{DAY 2} – The Psychological Effects of Clutter

Welcome to Day 2 of the 30 day Embracing The Declutter Mindset challenge. Have you signed up yet? Being messy isn’t a disorder but there are psychological effects to living amidst chronic clutter. Overstimulation is a known cause for anxiety and other negative impacts. Overstimulation occurs when the senses – sight, smell, hearing, touch, and other senses – are maxed out. Too much stimulation can lead to anxious feelings and associated feelings like anger, depression, and more.

Living in a cluttered or disorganised environment can add to the stress levels amongst the whole family. Here’s how:

Kids thrive in structure– Disorganised homes tend to be highly unstructured. From running around looking for clean clothes to eating take-out because there is not enough food to make a meal, disorganisation causes unnecessary stress.

Order creates calm– Being at home should feel peaceful. Having a pleasant environment free of clutter and overstimulation helps families disengage from the world and re-charge for a new day. If the home is in chronic disarray, it is hard to recharge. Subconsciously your mind is assessing the dishes, laundry, unfinished projects, and other signs of clutter. The sense of things being undone can trigger anxious feelings of overwhelm.

Families are a team– If one member of the family is expected to carry the lion’s share of responsibility, it can cause resentment and fatigue. Sometimes people check out when they feel unsupported. Families are a team, and everyone should be contributing to the welfare and care of the home. Even stay-at-home parents need support with home maintenance and responsibilities.

Disorganisation wastes time– Being disorganised robs families of time. Time to recharge and connect with one another. Spending time looking for lost items makes people late getting out of the door. The scramble to clean up for unexpected company or devoting an entire day to catch up on laundry can cause undue anxiety and cause you to miss out on fun activities that bring you joy.

Disorganisation causes embarrassment– Living in chaos or overwhelm can cause embarrassment. Missing appointments due to a disorganised schedule can cost time and money. A co-worker asking for a ride might result in an uncomfortable situation when your car is piled with food containers and tossed-aside clothing and sports equipment. Having company in your home when it doesn’t truly reflect who you are can make you feel uncomfortable and avoid hosting guests.

Being disorganised costs money– Families who are not organised tend to eat out more often, spend more on clothing and other items, and fail to stay within their means. This stress can affect marriages and the tension can run over onto the children. Being organised makes it possible to manage a budget and keep track of important items. It prolongs the life of clothing and other frequently used items.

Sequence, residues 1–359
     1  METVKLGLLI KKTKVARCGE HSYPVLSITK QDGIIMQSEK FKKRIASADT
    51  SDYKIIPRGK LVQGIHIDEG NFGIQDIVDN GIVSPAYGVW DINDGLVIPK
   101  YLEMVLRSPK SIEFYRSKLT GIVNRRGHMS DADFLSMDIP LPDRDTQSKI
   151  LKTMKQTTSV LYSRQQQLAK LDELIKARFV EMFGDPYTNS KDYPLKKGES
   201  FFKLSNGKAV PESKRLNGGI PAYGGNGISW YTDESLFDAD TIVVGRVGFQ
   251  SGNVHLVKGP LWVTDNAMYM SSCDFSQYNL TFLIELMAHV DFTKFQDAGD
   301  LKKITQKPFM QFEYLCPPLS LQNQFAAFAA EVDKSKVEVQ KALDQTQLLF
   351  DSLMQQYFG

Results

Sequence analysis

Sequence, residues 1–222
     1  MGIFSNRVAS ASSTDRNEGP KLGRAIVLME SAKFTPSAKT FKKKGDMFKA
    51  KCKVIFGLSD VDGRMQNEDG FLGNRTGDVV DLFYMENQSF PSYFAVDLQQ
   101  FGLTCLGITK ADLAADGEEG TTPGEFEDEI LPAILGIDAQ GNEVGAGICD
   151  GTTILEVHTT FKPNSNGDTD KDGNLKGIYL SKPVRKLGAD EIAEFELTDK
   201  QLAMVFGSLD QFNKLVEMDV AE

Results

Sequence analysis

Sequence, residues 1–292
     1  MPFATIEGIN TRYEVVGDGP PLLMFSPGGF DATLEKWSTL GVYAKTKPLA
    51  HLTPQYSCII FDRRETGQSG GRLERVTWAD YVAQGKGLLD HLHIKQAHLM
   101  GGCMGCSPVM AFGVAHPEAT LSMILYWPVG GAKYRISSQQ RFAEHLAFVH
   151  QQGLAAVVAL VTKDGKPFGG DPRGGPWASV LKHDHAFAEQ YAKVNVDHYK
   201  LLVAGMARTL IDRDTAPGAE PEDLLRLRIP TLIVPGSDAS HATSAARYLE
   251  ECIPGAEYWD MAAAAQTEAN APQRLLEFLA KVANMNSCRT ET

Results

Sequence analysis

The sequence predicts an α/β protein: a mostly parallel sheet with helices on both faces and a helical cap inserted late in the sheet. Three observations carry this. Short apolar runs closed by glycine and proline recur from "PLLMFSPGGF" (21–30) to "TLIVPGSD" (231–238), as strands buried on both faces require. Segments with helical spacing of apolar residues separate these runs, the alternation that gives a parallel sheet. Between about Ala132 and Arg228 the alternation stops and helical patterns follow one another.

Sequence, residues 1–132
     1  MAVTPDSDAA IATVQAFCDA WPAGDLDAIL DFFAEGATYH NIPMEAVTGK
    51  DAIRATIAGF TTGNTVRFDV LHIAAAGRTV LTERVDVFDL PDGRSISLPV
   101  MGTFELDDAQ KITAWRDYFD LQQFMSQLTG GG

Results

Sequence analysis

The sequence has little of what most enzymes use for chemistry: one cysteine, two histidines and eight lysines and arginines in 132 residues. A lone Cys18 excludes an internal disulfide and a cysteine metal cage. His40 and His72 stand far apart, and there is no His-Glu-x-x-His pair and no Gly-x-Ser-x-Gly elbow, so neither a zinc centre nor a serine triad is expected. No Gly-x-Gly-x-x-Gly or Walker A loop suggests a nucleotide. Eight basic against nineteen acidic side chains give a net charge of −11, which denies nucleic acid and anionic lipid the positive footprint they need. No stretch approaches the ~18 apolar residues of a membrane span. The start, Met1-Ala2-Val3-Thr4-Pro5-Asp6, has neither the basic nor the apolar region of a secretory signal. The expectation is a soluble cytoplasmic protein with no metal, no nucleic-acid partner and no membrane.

Overstimulation is cause for anxiety. Sitting on your sofa after a long day, staring at yesterday’s dishes doesn’t promote relaxation. Scrambling to find your kids shoe when you are already late for work won’t get your day off to a fresh start. There are real psychological consequences to clutter and chaos. You can improve your mental health by becoming clutter free and organised.

Todays written task: Using the workbook that you received when you joined the challenge, fill out the page that begins “Decluttering reduces anxiety”.

Todays physical challenge: Look around your house and pick the one main area of clutter that causes you the most anxiety. The sort of place where the things gather and pile up on a daily basis. Ignore the rest. Just look at that one small area and clear it. See what a great difference that makes to see that clear space and then envision it happening within other areas of the house. Is there a system you can put into place to avoid it? For example:

  • Post/mail
    • sort it the second it arrives or have a concertina folder labelled “inbox”/”outbox”/”actionable”.
  • Keys/phones
    • Have a bowl for keys and a small box to place phones in
  • Bottom of the stairs
    • Great place for gathering things to go up. I have a basket at the bottom to gather the things in and then whenever I go upstairs I take it with me and empty it. I have one for the top of the stairs too. 

I will be addressing areas like the hall and paperwork in depth on one day of the challenge so don’t panic if the above feels a bit vague for now.

Personal challenge: The area that causes me the most anxiety in our house is the kitchen table. It seats 6 people but as we work from it, we are lucky if the two children can sit at it to eat! We end up eating after they’ve gone to bed! I tend to pile up the contents at mealtimes and the pile gets bigger! Today I plan to tackle that and at least make it so the four of us can eat at the same time.

Where are your clutter hotspots? Comment below or in the facebook group and I’ll see if I can give you some ideas.

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